What Small Business Brand Leaders Can Learn From Elephants

An elephant’s eyesight is moderate at best. Research shows that some packs are actually led by blind elephants. How is that possible? It’s simple. They rely on their trunks.

Smart brand leaders know not to rely solely on obvious methods to keep people engaged with their brand. Although the basic practices are important to implement— finding creative ways to position your brand in the jungle out there can make all the difference.

Strong leaders will drive that process and use more than vision to make their brand stand out from the herd. Here are a few tips that small business brand leaders can learn from the elephants.

Extreme flexibility. An elephant’s trunk has an estimated 100,000 muscles—and they use them. Flex your brand muscles with your competitors, but remember, rules are made to be broken. When it comes to customer satisfaction, be flexible. When a customer is not satisfied, if you see it or sense it—keep your brand promise and find a solution. You can bend without breaking.

Reach.  The average weight of an elephant is 5 tons and they can stand on their hind legs to reach the vegetation they need. That’s an interesting balancing act, and one to follow. The sky is usually the limit. However, remember that setting brand goals that may be slightly out of reach is also a good strategy. In that way you monitor growth, keep balance and extend your brand reach through steady, incremental levels of success.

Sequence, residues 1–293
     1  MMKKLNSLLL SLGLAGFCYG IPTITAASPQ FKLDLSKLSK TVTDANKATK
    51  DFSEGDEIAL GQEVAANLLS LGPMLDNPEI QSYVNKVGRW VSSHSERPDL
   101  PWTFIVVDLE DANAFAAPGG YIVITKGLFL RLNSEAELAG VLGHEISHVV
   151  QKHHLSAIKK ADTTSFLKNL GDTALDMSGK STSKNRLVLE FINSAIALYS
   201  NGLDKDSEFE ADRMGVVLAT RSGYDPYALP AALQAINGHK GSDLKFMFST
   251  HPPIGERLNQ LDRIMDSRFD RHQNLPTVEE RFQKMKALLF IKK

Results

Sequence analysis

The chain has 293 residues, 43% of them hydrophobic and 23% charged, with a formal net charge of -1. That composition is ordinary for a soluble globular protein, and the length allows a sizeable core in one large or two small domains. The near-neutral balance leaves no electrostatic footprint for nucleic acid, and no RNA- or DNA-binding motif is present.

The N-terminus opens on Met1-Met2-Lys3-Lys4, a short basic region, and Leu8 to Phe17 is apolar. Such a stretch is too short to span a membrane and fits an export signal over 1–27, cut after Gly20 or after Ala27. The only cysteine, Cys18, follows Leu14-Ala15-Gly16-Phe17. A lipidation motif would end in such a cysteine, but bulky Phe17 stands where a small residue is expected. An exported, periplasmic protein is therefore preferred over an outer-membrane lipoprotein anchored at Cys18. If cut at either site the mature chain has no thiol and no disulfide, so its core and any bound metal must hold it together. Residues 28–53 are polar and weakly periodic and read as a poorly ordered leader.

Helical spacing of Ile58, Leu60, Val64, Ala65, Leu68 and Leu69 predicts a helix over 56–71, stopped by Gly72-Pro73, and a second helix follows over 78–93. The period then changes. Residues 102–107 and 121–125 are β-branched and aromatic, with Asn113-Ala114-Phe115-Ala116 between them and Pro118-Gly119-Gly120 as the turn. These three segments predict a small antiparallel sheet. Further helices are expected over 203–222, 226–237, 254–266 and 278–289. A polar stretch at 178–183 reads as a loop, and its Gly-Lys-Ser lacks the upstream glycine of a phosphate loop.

Readiness.  Adult elephants sleep standing up. Even in a resting state, they are ready to go. Seasoned small business owners know the importance of recharging while being ready for the next challenge. In order to achieve and maintain success, be prepared for it.  That can mean creating a year-end internal and external review process, setting goals, and revisiting the marketing plan. The bottom line is—ensure your brand is always ready to exceed your customers’ expectations.

The saying that elephants never forget is just a myth. But the brand leaders that do remember the important lessons we can learn from elephants may very well be on the verge of unforgettable.